In the end, there was no final battle between Sabaneta Prison pran-in-chief “El Mocho Edwin” and State forces. Instead, all the remaining inmates were moved out over the weekend.
“El Mocho” backed down on his earlier promise to stay inside Sabaneta no matter what. He was transferred in an armored vehicle to a military aircraft, which took him and other 13 inmates to Tocorón Prison (in Aragua). The entire operation was done at Edwin’s request.
What about the rest of regular inmates? They were put in government buses and spread around prisons all over the country. But they weren’t the only people living in Sabaneta: lots of inmates’ relatives lived there for almost six months, including between 200 and 300 children (according to an unnamed source of the Prisons Ministry).
For those waiting on the outside, their main priority is trying to figure out where their relatives are by looking at the lists published by the authorities. But not all inmates were included, leaving their close ones worried sick. The whereabouts of at least 60 prisoners remains unknown.
To make it up to them, they were allowed instead to take their loved ones’ personal belongings back with them, from AC units and electrical appliances to pets. Zulia State Governor Francisco Arias Cárdenas has also pledged financial aid so they can travel to other prisons.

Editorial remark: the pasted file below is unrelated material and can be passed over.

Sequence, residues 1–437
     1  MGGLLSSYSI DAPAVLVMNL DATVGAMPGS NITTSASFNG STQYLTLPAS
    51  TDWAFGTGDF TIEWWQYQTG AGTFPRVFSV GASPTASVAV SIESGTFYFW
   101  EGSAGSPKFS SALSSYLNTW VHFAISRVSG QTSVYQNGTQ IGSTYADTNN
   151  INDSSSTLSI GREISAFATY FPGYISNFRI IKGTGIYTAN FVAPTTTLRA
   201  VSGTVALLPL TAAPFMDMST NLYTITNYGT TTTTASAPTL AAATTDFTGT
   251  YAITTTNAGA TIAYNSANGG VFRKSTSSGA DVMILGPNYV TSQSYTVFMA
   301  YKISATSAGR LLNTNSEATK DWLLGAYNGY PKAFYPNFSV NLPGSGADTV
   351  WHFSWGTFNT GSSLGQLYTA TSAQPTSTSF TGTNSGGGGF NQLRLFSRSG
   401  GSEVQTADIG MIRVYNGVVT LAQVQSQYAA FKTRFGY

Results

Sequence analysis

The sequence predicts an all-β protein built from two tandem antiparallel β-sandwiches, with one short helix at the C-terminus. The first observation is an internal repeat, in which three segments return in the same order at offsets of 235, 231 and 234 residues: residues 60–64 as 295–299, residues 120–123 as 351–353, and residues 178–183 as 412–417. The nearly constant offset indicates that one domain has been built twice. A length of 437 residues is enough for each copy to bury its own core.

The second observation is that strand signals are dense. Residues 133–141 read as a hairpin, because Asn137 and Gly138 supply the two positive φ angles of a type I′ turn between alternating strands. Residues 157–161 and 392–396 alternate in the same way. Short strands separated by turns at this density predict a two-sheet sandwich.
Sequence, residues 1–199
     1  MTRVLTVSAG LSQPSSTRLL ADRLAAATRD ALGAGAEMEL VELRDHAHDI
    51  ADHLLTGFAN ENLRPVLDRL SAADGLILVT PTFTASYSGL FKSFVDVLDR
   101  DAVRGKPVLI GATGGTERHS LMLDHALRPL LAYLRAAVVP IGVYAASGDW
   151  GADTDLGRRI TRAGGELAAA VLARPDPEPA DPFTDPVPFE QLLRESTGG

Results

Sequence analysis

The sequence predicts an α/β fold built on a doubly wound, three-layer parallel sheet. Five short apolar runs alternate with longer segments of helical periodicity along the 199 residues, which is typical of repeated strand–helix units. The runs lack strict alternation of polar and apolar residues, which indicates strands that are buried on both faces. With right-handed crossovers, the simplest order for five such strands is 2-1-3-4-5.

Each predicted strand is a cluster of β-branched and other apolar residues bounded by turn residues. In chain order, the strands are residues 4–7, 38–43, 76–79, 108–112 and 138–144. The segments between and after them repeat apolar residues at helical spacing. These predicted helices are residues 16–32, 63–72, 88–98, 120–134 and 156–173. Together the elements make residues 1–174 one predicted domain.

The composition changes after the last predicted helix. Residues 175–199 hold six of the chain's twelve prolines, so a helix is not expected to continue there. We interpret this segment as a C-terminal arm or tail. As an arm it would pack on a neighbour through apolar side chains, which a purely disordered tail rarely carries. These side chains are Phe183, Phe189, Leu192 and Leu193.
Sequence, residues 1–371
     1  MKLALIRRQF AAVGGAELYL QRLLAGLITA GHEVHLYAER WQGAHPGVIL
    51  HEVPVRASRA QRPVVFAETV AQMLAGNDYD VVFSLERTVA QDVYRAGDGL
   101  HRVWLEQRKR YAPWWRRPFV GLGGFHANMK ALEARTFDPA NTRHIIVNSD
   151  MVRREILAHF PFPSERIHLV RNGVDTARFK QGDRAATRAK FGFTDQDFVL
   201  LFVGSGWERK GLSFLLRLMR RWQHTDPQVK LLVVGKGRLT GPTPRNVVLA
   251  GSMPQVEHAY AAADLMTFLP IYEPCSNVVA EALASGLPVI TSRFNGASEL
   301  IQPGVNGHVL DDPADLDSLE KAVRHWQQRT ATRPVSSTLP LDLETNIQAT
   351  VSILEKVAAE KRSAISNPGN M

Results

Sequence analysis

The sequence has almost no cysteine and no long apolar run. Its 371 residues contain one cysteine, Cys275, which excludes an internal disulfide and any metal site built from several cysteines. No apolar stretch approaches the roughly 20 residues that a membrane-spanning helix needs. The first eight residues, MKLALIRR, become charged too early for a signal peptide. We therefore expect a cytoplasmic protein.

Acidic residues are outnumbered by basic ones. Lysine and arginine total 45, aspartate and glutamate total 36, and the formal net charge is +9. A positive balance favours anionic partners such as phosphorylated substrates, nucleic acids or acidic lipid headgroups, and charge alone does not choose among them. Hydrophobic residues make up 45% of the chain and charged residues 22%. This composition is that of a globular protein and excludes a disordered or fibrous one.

Meanwhile, Prisons Minister Iris Varela sees last week’s events in Sabaneta as nothing short of a “victory”. For the government, this was no battle, just a “pacification”. And who’s taking full electoral advantage of all this? None other than Chavismo’s candidate for Mayor of Maracaibo Miguel Ángel Pérez Pirela.
Sabaneta Prison may be empty for now, but Prannation goes from strength to strength.
UPDATE: To make things even more bizarre, Sabaneta Prison had its own version of a zoo. Between the animals found inside there were two ocelots, a small caiman (babilla), three macaws, a raccoon, a pig and lots of dogs. Some of those animals belonged to the personal collection of former pran-in-chief Edwin Soto.Caracas Chronicles is 100% reader-supported. Support independent Venezuelan journalism by making a donation.